Tech chiefs called in to No 10 over racist posts to England players

Boris Johnson to demand that tech firms do more to tackle online abuse

Boris Johnson has summoned tech companies to Downing Street to order them to do more to tackle online abuse, amid mounting criticism of the government after black England players were deluged with racist posts in the aftermath of their Euro 2020 defeat.

The England footballer Tyrone Mings has criticised the home secretary, Priti Patel, for her condemnation of the racist abuse faced by his teammates, after she called players taking the knee “gesture politics”.

He said Patel did not get to “stoke the fire” ahead of the tournament and then “pretend to be disgusted when the very thing we’re campaigning against, happens”.

Sign up to TechScape, Alex Hern’s weekly tech newsletter, starting Wednesday 14 July.

Johnson will meet executives from the social media firms in person, and will ask them to hand over the details of those who posted racist content online to the police.

His official spokesperson said Johnson would “reiterate the urgent need for action ahead of tougher laws coming into force in the online harms bill” and that there was “no question that abuse was upsetting, unfair and must be stamped out”.

Asked whether No 10 agreed with a government source who said the perpetrators should have their details handed over so that they can be made an example of, they said: “Yes, we expect social media companies to do everything they can to identify these people.

“The police already have a range of powers to identify and pursue those who use anonymity to spread hatred, but we have committed to strengthening the criminal law in this area.”

Concern is growing among some Conservative advisers and MPs that the strategy of pivoting towards the culture wars was backfiring.

One senior Tory called the situation “embarrassing” and highlighted the Conservative MP Lee Anderson who said he would not watch the team because they took the knee. “It was absolutely tragic, it’s a laughing stock,” they said.

“I think there needs to be a serious realisation soon in government that people simply don’t care about the culture war crap. They care about the cost of living, NHS and crime. They don’t want to see us starting fights with Marcus Rashford.”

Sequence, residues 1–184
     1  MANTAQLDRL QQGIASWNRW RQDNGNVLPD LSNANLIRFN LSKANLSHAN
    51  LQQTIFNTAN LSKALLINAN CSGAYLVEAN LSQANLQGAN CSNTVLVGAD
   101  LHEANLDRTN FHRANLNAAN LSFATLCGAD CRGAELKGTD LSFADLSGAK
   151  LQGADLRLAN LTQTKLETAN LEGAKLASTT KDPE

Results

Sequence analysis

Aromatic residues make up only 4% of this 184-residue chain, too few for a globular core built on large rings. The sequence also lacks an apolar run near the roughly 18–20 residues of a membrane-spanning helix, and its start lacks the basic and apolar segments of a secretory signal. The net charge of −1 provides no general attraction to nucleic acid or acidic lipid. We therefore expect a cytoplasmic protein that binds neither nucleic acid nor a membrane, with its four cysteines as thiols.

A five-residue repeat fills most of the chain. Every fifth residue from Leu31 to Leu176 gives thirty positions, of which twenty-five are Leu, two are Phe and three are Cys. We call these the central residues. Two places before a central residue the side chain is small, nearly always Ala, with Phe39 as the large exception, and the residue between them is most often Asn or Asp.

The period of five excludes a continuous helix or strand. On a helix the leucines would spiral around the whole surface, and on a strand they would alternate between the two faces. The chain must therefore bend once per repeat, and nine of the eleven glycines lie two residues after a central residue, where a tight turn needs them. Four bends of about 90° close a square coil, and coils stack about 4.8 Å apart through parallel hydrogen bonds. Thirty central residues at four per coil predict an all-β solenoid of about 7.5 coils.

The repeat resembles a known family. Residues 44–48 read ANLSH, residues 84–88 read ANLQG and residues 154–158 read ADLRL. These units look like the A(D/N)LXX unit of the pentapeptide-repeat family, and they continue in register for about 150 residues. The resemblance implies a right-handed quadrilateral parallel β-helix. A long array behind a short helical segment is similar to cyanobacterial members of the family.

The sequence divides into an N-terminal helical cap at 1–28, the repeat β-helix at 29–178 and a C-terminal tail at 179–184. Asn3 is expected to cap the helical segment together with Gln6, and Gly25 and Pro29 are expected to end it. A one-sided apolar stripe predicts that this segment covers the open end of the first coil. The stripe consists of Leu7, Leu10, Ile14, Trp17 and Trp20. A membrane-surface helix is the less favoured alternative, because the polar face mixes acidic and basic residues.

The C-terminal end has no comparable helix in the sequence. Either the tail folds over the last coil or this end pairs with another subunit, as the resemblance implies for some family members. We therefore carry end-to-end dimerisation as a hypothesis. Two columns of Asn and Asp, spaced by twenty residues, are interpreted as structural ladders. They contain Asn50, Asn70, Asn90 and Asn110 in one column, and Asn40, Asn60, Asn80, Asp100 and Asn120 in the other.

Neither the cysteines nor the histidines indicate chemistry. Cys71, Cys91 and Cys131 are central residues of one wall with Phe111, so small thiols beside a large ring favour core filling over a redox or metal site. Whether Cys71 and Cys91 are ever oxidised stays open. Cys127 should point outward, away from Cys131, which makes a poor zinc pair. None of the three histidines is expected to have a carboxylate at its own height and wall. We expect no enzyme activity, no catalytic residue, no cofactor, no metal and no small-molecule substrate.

The former Conservative minister, Johnny Mercer, tweeted of Mings: “The painful truth is that this guy is completely right.”

Mercer said more of his Conservative colleagues should speak out. “We have some great colleagues in the party who reflect this – I am in no way alone. But more must have the courage to speak up, instead of remaining silent in some weird attempt to curry favour.”

Ged Grebby, the chief executive of Show Racism the Red Card, applauded Mings for highlighting the “hypocrisy” of some politicians and government ministers.

“Tyrone hit the nail on the head,” he said. “When the players made a stand against racism by taking the knee at the beginning of the tournament, government ministers like Boris Johnson and Priti Patel did not support their stance and in fact they spoke against it,” he added.

“It is no good condemning racism after it has happened when you did not support the players at the beginning – it is now a case of jumping on the bandwagon,” he continued.


Jessica Elgot, Rowena Mason and Nazia Parveen

The GuardianTramp

Related Content

Article image
The Guardian view on Rashford, Sancho and Saka: let down by dog whistles from Downing Street | Editorial
Editorial: The prime minister should have done more to defend the England team against a racist minority


12, Jul, 2021 @6:11 PM

Article image
Johnson and Patel accused of hypocrisy over racist abuse of England footballers
England footballer Tyrone Mings adds voice to criticism of politicians over football racism

Rowena Mason Deputy political editor

12, Jul, 2021 @2:40 PM

Article image
‘A lasting legacy of tolerance’: Marcus Rashford messages to be preserved
Notes left on defaced Manchester mural will be removed to protect from rain, amid plans for digital exhibition

Maya Wolfe-Robinson

21, Jul, 2021 @3:38 PM

Article image
Boris Johnson condemns ‘appalling’ racist abuse of England players
The FA has issued a statement and the Metropolitan police will open an investigation into racist messages sent to a number of players

Niall McVeigh and Rachel Hall

12, Jul, 2021 @7:02 AM

Article image
‘Southgate’s team represents real England’: Three Lions unite country
England team effort to combat racist abuse is profound for fans from minority backgrounds

Nazia Parveen Community affairs correspondent

09, Jul, 2021 @2:09 PM

Article image
Manchester shows support for Marcus Rashford: ‘It’s evolved into something special’
Community comes together to back England footballer and oppose racism after mural was defaced

Maya Wolfe-Robinson

13, Jul, 2021 @6:43 PM

Article image
Despite the racist trolls, the evidence is clear: England is becoming a kinder place to live | Sunder Katwala
Toxic bigotry is in retreat across society, though social media can make us feel otherwise

Sunder Katwala

18, Jul, 2021 @6:00 AM

Article image
UK Covid: Johnson urges people to take unlocking ‘as slowly as we can’ amid 34,471 new cases – as it happened
Latest updates: prime minister urges caution as he confirms 19 July England unlocking; Sage data shows hospitalisation could hit at least 1,000 a day

Andrew Sparrow

12, Jul, 2021 @5:41 PM

Article image
Man sentenced over racist post after Euro 2020 final
Scott McCluskey, 43, given 14-week suspended sentence and must wear electronic tag for 40 weeks

Maya Wolfe-Robinson

08, Sep, 2021 @5:13 PM

Article image
Footballers can say it, but for England’s politicians, ‘sorry’ really is the hardest word | Marina Hyde
The emotional maturity of the Euro 2020 players is in stark contrast to that of the government, says Guardian columnist Marina Hyde

Marina Hyde

13, Jul, 2021 @2:40 PM